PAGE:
From the Battlefield to the Campaign Trail

In Minnesota congressional race, a veteran of Iraq takes on a veteran politician.

Ashwin Madia, a former Marine, won the Democratic endorsement to pursue the seat vacated by Congressman Jim Ramstad (R).

Ashwin Madia, a former Marine, won the Democratic endorsement to pursue the seat vacated by Congressman Jim Ramstad (R).

By + More

One of a spate of Iraq war veterans running for Congress, ex-Marine Ashwin Madia is holding his own in an against-the-odds battle for a House seat in Minnesota.

But four years in the corps, including a six-month tour in Baghdad, didn't make it that much easier for him to perform one of the unpleasant tasks in politics—asking people for money.

The 30-year-old lawyer says an appeal to his patriotism from a freshman congressman turned his head around. "Marine, you're not asking for you," the lawmaker told him. "You're asking for your country."

The marching orders came in May on Capitol Hill from Democrat Patrick Murphy of Pennsylvania, a former captain in the Army's 82nd Airborne who holds the distinction of being the only Iraq combat veteran to win a House seat in 2006.

Several combat veterans, most of them Democrats, sought federal office then, but few "Fighting Dems" prevailed. High-profile victors included Sen. Jim Webb of Virginia, a former Marine commander who was decorated in Vietnam, and Rep. Joe Sestak of Pennsylvania, a retired vice admiral who led an aircraft carrier battle group during fighting in Afghanistan. Other Democrats lost marquee contests, notably Tammy Duckworth of Illinois, a Black Hawk pilot who lost both her legs when her helicopter was hit by a rocket-propelled grenade in Iraq.

This year, there's a new surge of Iraq war veterans seeking seats in Congress—about 10 Democrats, including Madia, and about nine Republicans. One inside the GOP tent is California's Duncan D. Hunter, who, as a captain in the Marine Corps Reserve, saw two tours in Iraq and one in Afghanistan. He is expected to win his father's (and namesake's) seat.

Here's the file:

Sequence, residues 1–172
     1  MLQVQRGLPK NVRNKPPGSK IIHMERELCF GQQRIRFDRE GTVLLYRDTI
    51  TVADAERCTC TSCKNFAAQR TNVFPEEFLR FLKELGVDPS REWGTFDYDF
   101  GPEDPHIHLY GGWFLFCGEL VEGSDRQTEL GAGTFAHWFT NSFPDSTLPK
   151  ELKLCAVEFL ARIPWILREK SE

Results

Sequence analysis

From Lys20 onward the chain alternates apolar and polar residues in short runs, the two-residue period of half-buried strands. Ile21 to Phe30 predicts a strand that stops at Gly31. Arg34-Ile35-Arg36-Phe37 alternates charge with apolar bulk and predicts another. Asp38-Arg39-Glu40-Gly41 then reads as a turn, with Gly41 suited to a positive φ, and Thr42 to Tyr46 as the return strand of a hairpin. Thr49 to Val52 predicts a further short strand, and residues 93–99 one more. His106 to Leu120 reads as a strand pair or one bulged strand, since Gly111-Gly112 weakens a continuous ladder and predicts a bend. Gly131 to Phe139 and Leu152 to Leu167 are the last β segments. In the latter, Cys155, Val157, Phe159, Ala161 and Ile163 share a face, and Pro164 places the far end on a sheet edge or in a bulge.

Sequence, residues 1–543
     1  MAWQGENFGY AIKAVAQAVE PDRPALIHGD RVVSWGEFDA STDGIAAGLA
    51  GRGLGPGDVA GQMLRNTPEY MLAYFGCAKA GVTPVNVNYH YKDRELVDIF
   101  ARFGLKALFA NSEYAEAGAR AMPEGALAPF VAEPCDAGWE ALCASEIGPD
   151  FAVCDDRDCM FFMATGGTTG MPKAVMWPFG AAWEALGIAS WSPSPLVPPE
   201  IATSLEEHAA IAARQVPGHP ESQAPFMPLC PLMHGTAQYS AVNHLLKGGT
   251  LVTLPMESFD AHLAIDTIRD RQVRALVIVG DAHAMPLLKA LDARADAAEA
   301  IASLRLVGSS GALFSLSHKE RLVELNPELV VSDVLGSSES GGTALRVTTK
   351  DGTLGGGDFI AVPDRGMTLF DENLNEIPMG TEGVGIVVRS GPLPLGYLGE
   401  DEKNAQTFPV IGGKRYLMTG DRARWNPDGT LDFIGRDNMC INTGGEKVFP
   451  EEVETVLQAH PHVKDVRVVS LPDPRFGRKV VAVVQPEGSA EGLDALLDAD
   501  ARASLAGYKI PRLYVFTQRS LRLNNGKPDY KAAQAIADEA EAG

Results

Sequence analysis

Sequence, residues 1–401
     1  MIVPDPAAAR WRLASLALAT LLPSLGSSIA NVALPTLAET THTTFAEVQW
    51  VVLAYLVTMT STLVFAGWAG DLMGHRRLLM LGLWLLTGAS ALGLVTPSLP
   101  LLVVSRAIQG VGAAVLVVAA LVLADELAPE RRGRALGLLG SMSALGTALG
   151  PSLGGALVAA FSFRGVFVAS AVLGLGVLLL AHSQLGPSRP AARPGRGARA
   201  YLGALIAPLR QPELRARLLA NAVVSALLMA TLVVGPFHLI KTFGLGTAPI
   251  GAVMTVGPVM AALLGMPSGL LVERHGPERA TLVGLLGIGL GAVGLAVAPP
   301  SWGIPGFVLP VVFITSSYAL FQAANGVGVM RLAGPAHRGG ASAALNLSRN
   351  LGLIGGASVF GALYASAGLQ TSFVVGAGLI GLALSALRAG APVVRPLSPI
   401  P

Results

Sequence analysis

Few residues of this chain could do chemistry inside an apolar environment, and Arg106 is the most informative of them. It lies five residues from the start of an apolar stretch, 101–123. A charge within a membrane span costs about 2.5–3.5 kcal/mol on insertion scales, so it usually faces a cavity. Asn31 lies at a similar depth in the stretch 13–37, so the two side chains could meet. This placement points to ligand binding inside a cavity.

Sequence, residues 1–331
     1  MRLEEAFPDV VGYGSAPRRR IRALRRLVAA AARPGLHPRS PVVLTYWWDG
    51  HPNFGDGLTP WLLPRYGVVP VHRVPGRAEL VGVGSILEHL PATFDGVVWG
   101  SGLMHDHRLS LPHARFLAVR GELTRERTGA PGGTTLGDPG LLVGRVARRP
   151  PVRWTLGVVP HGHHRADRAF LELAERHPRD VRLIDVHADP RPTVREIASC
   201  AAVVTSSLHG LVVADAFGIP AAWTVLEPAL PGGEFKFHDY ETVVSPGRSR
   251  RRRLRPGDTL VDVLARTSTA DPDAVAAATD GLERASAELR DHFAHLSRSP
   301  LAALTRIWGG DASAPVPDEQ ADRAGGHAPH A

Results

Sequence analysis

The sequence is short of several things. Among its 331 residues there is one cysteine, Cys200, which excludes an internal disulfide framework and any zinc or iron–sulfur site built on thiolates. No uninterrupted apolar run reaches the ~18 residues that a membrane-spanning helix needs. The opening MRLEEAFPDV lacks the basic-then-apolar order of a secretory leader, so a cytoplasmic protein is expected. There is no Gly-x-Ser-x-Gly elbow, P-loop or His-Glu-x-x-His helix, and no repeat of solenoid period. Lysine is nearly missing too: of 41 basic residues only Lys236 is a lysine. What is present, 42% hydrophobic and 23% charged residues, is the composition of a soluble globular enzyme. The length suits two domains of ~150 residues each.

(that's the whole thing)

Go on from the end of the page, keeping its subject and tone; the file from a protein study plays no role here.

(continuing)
Candidates for office have always trumpeted military credentials, if they have them, but particularly so in the wake of 9/11. In noisy campaigns, the biographical detail is a symbolically rich way to convey to voters "the obviously desirable traits of sacrifice, selflessness, patriotism, duty to country," observes political scientist Jeremy Teigen of Ramapo College of New Jersey. "People can digest those concepts with just that one little tag: 'military veteran.' "

But being a veteran doesn't always do much to help win elections. Teigen analyzed recent House races, looking only at contests that pitted a Democrat against a Republican, eliminating incumbents who did not have to face a major-party rival. He cast a wide net with respect to veterans; he included anyone with active-duty service, from a theoretical former supply clerk at Fort Dix in New Jersey to a Congressional Medal of Honor winner.

In 2006 House races across the nation, Republican veterans did slightly better than nonveterans, but Democratic veterans had no significant advantage over Democrats lacking military backgrounds. "The 'Fighting Dems' were an extremely important symbolic plank in the effort to retake both chambers, but the success Democrats enjoyed cannot be placed at the feet of veterans," Teigen says.

Madia, a lawyer who had the rank of captain, served in Baghdad for six months beginning in September 2005. Though he carried an M9 pistol, he's quick to point out that he wasn't kicking down doors and searching for terrorists. When questioned, he acknowledges that roadside bombs, mortars, and missiles posed a threat.

"I saw brave marines, brave soldiers, and also brave Iraqis. Judges who risked their lives just going to work. I saw bravery in action, people who were willing to roll up their sleeves and work," he says. "We need more of that in Washington to get our great nation back on track again."

He returned to Minnesota after leaving the Marines and practiced intellectual property law. He left that job to campaign full time under the banner of the Democratic-Farmer-Labor Party.

Madia is running in a district that has sent Republicans to the House for the past 48 years.

While his Republican opponent, state Rep. Erik Paulsen, has never worn the uniform, he brings other advantages to the contest. He is a former aide to the retiring Rep. Jim Ramstad, who held the seat Paulsen and Madia are seeking. Paulsen, 43, is in his seventh term in the Minnesota House, is a former House majority leader, and has never lost an election. He was leading in the chase for campaign cash as of June 30, having raised nearly $1.4 million to Madia's $1 million.

Updated on 8/15/08